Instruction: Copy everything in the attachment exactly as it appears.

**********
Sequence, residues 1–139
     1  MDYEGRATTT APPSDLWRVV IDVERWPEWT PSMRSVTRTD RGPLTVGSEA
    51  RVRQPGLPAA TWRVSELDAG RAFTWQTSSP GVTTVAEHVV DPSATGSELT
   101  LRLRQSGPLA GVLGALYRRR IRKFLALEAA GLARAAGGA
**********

Sequence, residues 1–139
     1  MDYEGRATTT APPSDLWRVV IDVERWPEWT PSMRSVTRTD RGPLTVGSEA
    51  RVRQPGLPAA TWRVSELDAG RAFTWQTSSP GVTTVAEHVV DPSATGSELT
   101  LRLRQSGPLA GVLGALYRRR IRKFLALEAA GLARAAGGA